We may never know exactly why some people feel the need to write their names all over other people's property, but at least there are ways to deal with this form of painting.
The two parts you'll have to consider when you're looking to remove or cover someone else's unwanted artwork is the type of paint or materials used in the act, and the surface on which it has been applied.
Many materials, such as the high-polymer technology found in spray bombs, have incredibly durable pigments which are not easily shifted.
Looking at the basics, the smoother the surface, the easier you will be able to clean off any graffiti. This means that if you tend to regularly see the effects of the graffiti fairies who come in the night, one way to make the clean up easier on yourself is to paint the entire surface with a high-gloss exterior paint.
These coatings must be able to resist the strong cleaning products that are used to remove the graffiti, without breaking down themselves.
This calls for very hard, cross-linked coatings like two-pot epoxies or polyurethanes with solvent resistance. Resene Uracryl Graffitishield is a clear finish that can go over your existing paint to help protect it against graffiti.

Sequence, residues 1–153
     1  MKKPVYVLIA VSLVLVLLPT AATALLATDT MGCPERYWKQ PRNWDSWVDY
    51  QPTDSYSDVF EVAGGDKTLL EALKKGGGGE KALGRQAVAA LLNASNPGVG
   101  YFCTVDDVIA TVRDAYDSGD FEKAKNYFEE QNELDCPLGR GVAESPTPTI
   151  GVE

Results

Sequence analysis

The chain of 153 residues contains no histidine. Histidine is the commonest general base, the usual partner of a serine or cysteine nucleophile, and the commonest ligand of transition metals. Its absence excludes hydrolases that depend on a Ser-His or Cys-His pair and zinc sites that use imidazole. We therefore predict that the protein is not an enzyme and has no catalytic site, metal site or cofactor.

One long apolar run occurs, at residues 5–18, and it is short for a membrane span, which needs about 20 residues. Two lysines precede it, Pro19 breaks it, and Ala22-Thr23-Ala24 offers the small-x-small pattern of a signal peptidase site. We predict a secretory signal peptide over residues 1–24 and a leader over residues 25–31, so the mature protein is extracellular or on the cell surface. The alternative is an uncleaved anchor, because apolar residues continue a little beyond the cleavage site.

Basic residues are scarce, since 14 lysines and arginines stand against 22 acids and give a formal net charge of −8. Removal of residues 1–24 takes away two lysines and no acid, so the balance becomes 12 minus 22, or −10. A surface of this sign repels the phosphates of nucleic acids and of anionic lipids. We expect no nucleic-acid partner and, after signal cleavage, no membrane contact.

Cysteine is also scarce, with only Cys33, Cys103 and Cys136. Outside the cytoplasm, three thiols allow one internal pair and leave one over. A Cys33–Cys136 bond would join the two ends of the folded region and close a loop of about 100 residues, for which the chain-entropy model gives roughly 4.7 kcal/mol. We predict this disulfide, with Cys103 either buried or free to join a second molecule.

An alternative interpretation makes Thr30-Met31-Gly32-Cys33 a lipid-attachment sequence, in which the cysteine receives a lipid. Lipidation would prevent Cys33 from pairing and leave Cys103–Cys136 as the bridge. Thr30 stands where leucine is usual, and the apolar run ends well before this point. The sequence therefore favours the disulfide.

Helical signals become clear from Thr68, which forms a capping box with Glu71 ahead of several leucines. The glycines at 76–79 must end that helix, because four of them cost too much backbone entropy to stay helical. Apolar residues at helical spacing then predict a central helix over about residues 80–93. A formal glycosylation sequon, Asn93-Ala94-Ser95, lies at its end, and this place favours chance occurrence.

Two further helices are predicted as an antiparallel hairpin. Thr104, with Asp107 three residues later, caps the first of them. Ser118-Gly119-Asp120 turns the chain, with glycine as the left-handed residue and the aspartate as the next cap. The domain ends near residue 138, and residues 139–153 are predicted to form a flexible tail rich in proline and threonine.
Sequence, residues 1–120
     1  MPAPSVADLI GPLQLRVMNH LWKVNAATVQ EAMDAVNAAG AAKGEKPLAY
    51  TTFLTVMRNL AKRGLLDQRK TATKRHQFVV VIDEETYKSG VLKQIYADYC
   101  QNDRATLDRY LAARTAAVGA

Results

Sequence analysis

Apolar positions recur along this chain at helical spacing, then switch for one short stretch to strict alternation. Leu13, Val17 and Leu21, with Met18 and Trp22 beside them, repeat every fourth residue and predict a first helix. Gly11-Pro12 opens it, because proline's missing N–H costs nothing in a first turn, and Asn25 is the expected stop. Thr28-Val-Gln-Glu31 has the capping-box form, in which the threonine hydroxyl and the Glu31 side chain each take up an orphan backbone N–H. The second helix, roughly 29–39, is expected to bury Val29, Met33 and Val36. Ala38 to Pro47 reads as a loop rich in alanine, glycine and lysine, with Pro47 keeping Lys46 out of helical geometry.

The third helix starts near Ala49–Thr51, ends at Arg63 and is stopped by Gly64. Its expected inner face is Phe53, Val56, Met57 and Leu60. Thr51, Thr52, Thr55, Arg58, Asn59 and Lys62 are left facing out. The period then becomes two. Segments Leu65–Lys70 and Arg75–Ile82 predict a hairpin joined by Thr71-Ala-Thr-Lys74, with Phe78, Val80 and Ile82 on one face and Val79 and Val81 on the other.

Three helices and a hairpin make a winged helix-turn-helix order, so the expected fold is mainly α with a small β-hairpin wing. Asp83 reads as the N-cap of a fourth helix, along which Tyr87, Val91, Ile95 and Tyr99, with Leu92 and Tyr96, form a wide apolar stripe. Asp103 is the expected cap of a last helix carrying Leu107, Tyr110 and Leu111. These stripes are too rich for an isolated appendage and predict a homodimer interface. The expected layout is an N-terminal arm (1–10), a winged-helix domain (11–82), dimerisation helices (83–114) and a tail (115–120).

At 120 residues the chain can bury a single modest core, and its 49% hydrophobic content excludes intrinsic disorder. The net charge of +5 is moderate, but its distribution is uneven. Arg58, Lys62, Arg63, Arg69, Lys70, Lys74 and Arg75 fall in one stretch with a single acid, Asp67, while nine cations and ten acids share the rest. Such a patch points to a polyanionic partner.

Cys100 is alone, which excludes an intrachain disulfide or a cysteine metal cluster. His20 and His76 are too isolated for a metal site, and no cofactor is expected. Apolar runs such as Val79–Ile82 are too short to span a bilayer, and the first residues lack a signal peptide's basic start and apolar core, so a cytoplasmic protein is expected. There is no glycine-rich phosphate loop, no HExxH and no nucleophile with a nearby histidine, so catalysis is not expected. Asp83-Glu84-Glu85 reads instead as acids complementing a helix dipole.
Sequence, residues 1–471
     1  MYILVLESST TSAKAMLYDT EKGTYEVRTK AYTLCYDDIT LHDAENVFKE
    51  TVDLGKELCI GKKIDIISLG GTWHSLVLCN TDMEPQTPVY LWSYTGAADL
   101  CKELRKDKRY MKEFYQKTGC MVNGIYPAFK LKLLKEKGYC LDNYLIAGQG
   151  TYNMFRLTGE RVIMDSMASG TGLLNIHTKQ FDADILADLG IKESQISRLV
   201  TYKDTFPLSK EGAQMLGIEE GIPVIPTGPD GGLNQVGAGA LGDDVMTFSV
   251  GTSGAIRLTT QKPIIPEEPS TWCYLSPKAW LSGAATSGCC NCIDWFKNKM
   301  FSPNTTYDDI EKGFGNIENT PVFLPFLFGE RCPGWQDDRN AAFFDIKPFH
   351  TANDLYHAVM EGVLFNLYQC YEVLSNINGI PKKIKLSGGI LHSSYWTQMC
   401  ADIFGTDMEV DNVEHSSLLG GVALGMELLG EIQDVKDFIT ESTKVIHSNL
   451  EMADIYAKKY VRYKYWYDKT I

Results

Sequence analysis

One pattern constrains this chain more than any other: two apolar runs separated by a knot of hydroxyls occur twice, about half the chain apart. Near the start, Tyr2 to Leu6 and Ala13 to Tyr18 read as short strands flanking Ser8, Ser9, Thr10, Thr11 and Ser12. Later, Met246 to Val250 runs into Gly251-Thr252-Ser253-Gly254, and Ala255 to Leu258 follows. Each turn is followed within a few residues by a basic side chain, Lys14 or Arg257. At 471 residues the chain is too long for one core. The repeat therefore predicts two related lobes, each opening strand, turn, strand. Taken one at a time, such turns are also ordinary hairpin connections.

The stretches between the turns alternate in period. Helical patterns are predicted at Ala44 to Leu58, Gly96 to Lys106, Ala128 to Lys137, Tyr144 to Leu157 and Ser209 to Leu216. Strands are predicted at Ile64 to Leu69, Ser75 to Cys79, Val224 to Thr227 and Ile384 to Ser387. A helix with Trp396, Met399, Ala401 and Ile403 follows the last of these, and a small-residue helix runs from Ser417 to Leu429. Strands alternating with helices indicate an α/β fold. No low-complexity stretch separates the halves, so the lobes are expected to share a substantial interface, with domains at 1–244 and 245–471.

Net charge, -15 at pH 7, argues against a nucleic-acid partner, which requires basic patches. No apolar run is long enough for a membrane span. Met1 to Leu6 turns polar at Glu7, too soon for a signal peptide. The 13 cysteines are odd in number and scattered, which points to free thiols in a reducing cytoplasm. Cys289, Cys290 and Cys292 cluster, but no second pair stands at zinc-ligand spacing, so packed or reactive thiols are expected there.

On the other hand, unsealed porous surfaces like brick, concrete, masonry and unpolished stone can virtually soak up the graffiti materials, making it nigh on impossible to remove the unsightly artworks completely.
When it gets to that point, only serious measures like removing a layer from the surface with sandblasting can totally eradicate the graffiti.
When you're looking at solvents to clean the graffiti off, find one that doesn't have a very fast evaporation rate, as this can smear the paint over the surface and redry before the solvent evaporates. Ideally, your solvent will stay wet long enough for the surface to be wiped clean. Be aware that the solvents in graffiti removers, such as Resene Graffiti Cleaner can be very harsh on normal paint finishes – it may pay to try it on an inconspicuous area first.
If you are finding graffiti an ongoing problem, it's worth considering actions such as installing extra lighting, adding plants so there aren't large expanses of unbroken wall space and making access more difficult so it deters would be taggers.
March 14, 2014
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